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Tuesday, September 24, 2013

Second Glacier Hike in Vestlandet, Norway

The other glacier we hiked on in Norway has receded almost a mile from the lake.  In the 80's, it used to come down to the lake.  So, we had a long walk to get to the base.  We had a woman guide from Nepal.  She and her husband work in Norway in the summer and go back to Nepal in the winter.  Not many tourists in Norway in the winter!

This glacier winds back and forth down from the "ice cap" at the top of the mountain.  An ice cap is an area of compacted ice in a valley that doesn't move.  Ice caps fill entire valleys and are often thousands of feet deep, sometimes more than a mile deep!  It's hard to imagine so much ice.  A glacier is the overflow of the ice cap, created when the valley overflows with ice, from years of snow, hail, and rain piled onto a valley that is already full.

Unlike the other glacier, this one is steep, so the hiking was a little harder.  Again, our group of 8 were all roped together, with crampons on our boots and ice axes in our hands. We really didn't need the ice axes, but they looked cool.  There was another hike we didn't have time for that involved using ice axes to climb walls of ice.  Jennifer said she wasn't interested in doing that one, so I'd have to go by myself if I ever got the chance.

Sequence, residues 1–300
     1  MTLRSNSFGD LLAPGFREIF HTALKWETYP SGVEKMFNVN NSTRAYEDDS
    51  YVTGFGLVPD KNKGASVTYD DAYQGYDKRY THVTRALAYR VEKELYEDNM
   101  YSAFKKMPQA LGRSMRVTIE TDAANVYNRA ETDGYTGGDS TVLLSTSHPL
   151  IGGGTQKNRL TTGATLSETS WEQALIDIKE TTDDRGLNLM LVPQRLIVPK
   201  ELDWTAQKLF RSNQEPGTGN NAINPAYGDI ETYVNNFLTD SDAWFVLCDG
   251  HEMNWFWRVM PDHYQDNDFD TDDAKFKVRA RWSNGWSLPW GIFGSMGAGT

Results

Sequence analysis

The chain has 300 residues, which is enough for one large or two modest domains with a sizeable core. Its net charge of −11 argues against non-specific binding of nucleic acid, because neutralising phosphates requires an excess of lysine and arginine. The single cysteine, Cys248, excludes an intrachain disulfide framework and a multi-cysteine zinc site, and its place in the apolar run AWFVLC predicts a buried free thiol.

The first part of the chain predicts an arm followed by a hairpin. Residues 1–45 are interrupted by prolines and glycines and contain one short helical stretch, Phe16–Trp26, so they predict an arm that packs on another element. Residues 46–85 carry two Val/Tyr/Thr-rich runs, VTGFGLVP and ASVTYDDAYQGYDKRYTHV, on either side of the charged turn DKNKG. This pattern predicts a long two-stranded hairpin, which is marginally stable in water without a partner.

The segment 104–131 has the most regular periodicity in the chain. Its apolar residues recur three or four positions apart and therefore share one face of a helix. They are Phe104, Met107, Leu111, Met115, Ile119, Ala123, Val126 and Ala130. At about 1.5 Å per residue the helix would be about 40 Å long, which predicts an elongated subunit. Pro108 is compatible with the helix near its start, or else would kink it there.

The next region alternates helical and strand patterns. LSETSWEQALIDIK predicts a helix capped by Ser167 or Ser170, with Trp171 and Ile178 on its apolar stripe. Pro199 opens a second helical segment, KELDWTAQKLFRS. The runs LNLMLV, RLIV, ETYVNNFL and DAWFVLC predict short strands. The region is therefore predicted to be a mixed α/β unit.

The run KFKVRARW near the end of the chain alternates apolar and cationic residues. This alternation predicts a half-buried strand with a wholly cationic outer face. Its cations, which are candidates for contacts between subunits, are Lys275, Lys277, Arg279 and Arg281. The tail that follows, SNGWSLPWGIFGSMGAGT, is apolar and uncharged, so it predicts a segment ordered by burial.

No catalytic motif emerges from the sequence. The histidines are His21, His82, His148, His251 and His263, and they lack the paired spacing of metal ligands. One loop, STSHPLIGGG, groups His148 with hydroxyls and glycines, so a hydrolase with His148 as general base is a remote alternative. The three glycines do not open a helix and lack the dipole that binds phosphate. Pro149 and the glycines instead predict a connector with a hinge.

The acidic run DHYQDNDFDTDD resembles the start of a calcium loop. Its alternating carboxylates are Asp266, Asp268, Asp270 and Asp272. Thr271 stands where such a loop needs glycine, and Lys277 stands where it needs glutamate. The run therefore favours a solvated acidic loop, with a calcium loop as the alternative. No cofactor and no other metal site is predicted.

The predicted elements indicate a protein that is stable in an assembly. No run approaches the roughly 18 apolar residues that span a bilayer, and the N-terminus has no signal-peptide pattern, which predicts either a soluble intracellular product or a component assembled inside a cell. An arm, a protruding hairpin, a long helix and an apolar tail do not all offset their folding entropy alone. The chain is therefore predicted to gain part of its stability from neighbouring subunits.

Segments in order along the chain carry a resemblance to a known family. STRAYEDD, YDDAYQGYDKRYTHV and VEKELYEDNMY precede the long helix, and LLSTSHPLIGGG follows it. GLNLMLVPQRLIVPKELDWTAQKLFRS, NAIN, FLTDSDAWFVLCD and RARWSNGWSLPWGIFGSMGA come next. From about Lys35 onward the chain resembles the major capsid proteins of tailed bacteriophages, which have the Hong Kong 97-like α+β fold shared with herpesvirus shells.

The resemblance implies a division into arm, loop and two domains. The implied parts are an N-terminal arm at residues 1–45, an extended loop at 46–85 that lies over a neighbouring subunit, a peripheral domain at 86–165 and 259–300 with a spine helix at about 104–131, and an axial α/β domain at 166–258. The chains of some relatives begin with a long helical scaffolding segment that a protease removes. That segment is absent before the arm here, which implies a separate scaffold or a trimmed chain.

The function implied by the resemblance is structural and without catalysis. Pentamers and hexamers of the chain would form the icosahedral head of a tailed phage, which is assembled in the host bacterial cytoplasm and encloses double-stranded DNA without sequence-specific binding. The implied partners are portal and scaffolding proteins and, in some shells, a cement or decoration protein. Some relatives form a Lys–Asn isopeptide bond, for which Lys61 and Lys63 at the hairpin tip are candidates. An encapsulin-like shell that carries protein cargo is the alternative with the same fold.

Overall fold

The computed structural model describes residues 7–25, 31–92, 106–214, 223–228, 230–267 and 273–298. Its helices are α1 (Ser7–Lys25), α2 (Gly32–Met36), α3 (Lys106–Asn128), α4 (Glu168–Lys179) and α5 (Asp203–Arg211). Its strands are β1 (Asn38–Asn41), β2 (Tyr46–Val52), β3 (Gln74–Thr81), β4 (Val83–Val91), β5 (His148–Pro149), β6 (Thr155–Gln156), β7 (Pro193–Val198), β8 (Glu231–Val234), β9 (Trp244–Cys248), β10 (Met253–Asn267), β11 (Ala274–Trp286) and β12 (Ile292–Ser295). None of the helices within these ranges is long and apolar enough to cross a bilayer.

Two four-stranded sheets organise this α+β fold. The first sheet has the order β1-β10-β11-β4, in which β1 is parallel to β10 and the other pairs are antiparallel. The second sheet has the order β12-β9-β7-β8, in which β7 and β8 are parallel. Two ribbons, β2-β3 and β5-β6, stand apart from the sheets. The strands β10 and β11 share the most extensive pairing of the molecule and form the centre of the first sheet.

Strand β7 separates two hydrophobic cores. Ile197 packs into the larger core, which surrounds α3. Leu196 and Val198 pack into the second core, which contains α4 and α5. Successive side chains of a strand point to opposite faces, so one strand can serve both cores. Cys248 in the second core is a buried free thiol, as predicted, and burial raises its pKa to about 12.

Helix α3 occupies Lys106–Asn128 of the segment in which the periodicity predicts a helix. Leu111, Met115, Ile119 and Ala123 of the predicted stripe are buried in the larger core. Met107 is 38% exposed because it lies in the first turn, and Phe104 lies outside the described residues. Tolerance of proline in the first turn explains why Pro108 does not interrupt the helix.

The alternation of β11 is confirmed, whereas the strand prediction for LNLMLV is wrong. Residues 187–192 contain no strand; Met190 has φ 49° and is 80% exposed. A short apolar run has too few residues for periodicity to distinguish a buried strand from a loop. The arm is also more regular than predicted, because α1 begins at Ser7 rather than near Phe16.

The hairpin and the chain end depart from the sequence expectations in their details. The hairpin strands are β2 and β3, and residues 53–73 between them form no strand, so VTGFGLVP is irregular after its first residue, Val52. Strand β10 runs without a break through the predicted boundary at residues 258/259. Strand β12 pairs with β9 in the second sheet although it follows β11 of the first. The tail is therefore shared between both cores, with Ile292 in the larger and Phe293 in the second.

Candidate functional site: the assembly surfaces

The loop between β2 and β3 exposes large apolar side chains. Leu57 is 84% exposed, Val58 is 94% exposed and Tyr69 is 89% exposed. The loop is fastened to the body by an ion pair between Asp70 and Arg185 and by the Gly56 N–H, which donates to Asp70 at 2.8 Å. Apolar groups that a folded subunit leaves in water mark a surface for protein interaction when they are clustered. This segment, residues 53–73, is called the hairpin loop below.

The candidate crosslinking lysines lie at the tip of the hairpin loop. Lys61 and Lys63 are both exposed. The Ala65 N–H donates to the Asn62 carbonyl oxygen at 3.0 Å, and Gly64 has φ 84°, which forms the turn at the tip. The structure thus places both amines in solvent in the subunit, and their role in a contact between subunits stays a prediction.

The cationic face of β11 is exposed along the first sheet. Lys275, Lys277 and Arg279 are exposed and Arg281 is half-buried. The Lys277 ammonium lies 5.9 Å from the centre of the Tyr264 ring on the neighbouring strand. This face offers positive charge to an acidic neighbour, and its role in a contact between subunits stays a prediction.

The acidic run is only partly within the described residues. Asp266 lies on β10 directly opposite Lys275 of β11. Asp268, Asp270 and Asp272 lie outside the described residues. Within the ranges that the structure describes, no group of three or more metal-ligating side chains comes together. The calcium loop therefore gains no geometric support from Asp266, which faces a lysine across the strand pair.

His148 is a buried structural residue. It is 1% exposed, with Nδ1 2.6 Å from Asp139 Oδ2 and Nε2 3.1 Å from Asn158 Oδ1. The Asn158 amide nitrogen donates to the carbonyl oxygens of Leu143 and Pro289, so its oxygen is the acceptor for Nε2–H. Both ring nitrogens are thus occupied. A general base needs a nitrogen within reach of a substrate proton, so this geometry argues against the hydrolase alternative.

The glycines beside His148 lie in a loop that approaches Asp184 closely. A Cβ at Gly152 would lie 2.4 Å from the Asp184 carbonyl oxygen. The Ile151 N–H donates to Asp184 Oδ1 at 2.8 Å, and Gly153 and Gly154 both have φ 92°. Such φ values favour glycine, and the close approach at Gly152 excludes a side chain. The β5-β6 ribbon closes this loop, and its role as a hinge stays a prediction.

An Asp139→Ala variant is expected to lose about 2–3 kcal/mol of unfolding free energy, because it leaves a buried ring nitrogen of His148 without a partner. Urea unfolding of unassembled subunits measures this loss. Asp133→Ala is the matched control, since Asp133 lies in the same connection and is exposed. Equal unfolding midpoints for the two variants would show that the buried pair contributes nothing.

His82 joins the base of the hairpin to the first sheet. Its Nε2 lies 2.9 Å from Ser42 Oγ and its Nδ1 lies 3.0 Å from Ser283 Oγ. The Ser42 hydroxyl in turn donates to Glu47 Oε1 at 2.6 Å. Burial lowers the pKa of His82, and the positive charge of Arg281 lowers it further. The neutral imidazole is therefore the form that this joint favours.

The glacier as we approached the face.  The black on top is mostly rock dust, not dirt.  It looks coal black close up.  Note the group hiking in the upper left corner.

  Getting closer.

Here's a funny one.  These idiots jumped the safety barrier and went up to take pictures of each other touching the glacier.  Jennifer said they reminded her of the people on safari that went to get closer pictures with lions and got eaten.  Glaciers can break apart at any time, so we might have got to see them crushed by a few tons of ice.  No luck. I'm just jealous, of course.

Below is one of the numerous sinks on the glacier.  Meltwater runs along the glacier until it can find somewhere to go.  Tiny cracks eventually turn into wells hundreds of feet deep, draining the water all the way to the rock beneath the glacier.  I'd love to go rappelling down one of these!

Next time I go on a glacier hike, it's going to be inside the ice caves!  I've been wanting to do that every time, and every time they say "It's not safe now." 

Pure blue ice.  Mmm mmm.  

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